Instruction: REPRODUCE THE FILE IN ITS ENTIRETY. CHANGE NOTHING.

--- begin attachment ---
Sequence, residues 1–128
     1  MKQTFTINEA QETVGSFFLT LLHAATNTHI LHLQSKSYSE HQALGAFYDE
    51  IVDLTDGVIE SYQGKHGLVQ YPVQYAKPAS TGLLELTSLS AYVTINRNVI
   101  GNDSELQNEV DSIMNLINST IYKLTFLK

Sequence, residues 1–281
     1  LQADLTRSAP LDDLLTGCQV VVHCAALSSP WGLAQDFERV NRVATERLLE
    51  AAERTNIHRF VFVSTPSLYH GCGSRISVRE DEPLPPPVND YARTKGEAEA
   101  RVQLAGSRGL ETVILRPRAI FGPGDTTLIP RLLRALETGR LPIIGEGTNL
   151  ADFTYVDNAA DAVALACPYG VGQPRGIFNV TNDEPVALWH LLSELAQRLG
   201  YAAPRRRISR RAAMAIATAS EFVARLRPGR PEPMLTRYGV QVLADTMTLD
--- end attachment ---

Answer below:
Sequence, residues 1–128
     1  MKQTFTINEA QETVGSFFLT LLHAATNTHI LHLQSKSYSE HQALGAFYDE
    51  IVDLTDGVIE SYQGKHGLVQ YPVQYAKPAS TGLLELTSLS AYVTINRNVI
   101  GNDSELQNEV DSIMNLINST IYKLTFLK

Sequence, residues 1–281
     1  LQADLTRSAP LDDLLTGCQV VVHCAALSSP WGLAQDFERV NRVATERLLE
    51  AAERTNIHRF VFVSTPSLYH GCGSRISVRE DEPLPPPVND YARTKGEAEA
   101  RVQLAGSRGL ETVILRPRAI FGPGDTTLIP RLLRALETGR LPIIGEGTNL
   151  ADFTYVDNAA DAVALACPYG VGQPRGIFNV TNDEPVALWH LLSELAQRLG
   201  YAAPRRRISR RAAMAIATAS EFVARLRPGR PEPMLTRYGV QVLADTMTLD